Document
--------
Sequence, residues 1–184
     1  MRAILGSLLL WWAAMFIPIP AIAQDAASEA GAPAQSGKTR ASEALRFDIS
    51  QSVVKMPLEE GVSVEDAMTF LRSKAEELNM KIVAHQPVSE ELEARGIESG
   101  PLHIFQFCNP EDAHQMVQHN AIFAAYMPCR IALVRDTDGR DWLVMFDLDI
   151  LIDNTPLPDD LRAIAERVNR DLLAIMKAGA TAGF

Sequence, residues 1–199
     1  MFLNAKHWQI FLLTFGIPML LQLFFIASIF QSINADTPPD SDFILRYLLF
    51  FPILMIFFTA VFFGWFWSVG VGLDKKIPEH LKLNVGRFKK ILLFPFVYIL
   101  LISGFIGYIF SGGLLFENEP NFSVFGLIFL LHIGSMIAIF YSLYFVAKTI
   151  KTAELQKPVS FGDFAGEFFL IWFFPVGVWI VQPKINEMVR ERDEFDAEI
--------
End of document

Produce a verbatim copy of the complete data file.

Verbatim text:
Sequence, residues 1–184
     1  MRAILGSLLL WWAAMFIPIP AIAQDAASEA GAPAQSGKTR ASEALRFDIS
    51  QSVVKMPLEE GVSVEDAMTF LRSKAEELNM KIVAHQPVSE ELEARGIESG
   101  PLHIFQFCNP EDAHQMVQHN AIFAAYMPCR IALVRDTDGR DWLVMFDLDI
   151  LIDNTPLPDD LRAIAERVNR DLLAIMKAGA TAGF

Sequence, residues 1–199
     1  MFLNAKHWQI FLLTFGIPML LQLFFIASIF QSINADTPPD SDFILRYLLF
    51  FPILMIFFTA VFFGWFWSVG VGLDKKIPEH LKLNVGRFKK ILLFPFVYIL
   101  LISGFIGYIF SGGLLFENEP NFSVFGLIFL LHIGSMIAIF YSLYFVAKTI
   151  KTAELQKPVS FGDFAGEFFL IWFFPVGVWI VQPKINEMVR ERDEFDAEI